One of Silicon Valley’s titans of industry is facing a lawsuit in Australia over privacy concerns, which is becoming the new norm worldwide for Big Tech.

“Google continues to face legal issues in the area of user privacy,” according to Engadget. “Australia’s competition watchdog, the Australian Competition and Consumer Commission (ACCC), is taking the company to court over what it describes as ‘false or misleading representations to consumers about the personal location data Google collects, keeps and uses.'”

Google allegedly offered users an opt-out of location tracking services on its Android phones and tablets, but opting out reportedly did not stop the tech giant from tracking the user. All the while, the company was collecting and using the data of users who thought they had opted out of being location tracked.

Data collection is a massive business for tech giants, who sell the data collected from their devices and applications to third party vendors, who then send targets ads to end users based on the data.

“We allege that as a result of these on-screen representations, Google has collected, kept and used highly sensitive and valuable personal information about consumers’ location without them making an informed choice,” ACCC chair Rod Sims reportedly said. “Many consumers make a conscious decision to turn off settings to stop the collection of their location data, but we allege that Google’s conduct may have prevented consumers from making that choice.”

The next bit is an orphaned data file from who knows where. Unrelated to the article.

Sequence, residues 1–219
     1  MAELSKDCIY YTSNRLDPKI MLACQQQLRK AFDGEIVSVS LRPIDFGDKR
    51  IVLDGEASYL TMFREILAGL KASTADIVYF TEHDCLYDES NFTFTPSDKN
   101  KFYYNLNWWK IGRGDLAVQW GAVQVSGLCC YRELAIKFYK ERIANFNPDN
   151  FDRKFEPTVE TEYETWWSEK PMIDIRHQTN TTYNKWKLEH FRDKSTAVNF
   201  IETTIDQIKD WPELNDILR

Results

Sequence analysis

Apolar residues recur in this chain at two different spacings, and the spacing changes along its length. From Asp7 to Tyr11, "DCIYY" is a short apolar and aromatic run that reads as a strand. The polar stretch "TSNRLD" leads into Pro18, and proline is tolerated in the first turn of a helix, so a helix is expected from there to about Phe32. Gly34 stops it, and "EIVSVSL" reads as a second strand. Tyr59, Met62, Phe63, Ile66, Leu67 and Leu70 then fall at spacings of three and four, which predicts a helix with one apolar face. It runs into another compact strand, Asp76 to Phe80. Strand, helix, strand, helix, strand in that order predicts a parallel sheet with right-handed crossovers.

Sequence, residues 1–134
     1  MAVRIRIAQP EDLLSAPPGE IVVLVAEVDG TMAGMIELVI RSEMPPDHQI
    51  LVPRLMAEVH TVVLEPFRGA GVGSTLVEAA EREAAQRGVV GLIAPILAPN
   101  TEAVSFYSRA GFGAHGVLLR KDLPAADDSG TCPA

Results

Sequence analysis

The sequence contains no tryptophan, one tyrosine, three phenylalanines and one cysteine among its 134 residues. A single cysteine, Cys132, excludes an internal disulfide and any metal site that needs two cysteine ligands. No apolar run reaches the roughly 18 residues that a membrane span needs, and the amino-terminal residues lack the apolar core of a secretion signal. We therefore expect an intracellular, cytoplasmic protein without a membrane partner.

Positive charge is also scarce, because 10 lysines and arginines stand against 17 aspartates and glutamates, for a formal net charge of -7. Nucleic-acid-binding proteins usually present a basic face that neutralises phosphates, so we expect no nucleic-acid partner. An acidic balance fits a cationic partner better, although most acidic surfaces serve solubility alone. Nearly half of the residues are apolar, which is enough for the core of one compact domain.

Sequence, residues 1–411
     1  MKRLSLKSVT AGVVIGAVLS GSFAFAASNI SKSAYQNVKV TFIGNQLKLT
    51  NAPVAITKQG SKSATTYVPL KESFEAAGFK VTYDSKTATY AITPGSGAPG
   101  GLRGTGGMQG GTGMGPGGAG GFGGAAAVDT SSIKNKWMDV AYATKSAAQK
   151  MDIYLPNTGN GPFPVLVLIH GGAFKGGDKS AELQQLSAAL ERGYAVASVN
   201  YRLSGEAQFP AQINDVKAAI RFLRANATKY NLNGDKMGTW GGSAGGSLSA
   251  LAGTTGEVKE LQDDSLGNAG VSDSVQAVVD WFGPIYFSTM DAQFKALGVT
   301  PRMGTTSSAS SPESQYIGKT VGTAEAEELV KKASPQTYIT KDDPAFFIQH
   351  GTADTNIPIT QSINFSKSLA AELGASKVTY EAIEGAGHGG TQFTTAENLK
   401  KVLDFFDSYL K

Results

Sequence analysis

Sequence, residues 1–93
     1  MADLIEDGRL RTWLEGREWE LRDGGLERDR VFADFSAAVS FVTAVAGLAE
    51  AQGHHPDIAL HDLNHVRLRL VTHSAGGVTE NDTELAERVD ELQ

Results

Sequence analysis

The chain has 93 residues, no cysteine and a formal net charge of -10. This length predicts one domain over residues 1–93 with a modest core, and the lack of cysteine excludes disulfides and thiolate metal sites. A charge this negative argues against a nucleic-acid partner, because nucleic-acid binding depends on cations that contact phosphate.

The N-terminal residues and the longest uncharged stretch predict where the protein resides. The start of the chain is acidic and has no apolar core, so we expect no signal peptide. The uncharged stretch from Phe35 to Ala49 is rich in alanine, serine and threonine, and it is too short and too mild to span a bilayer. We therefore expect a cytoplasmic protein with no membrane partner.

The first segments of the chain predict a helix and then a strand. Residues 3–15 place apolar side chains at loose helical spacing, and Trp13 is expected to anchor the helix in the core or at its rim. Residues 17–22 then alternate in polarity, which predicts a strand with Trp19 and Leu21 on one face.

Two months ago, the company was accused of testing facial recognition software with its “Nest Hub Max” product, which is Google’s version of Amazon’s Alexa.

Big Tech has a nasty anti-privacy streak which has led to lawsuits and fines worldwide. Facebook has been the prime culprit of privacy compromises in the United States, as we have often reported.

Facebook is facing billions of dollars in fines for allegedly collecting biometric data, including facial recognition scans, from users without their consent. That news was relayed to consumers in July.

One month before, the company was subjected to the single largest fine in Federal Trade Commission (FTC) history. It was fined $5 billion “following reports that political consulting firm Cambridge Analytica accessed the data of 87 million Facebook users without authorization and warned the tech giant violated its terms of agreement to notify users when their data is shared with third parties,” as we reported.

For the same incident, the company was fined $100 million by the Securities and Exchange Commission (SEC), and alleged to have “brazenly lied, describing data misuse as hypothetical when it was aware of real instances of its users’ data being illegally disseminated to third parties.”

As the tech giants grow, so do concerns about user privacy. Some lawmakers, though, are stepping up to the plate and trying to contain Big Tech. Sen. Ron Wyden (D-OR) is one of them.

“Wyden’s ‘Mind Your Own Business Act’ is the official version of a draft bill he circulated around to other members and consumer groups late last year,” according to The Verge. “The legislation would empower the Federal Trade Commission with new authorities to fine tech companies that violate user privacy and bolster the agency with more resources to better regulate the industry in the future.”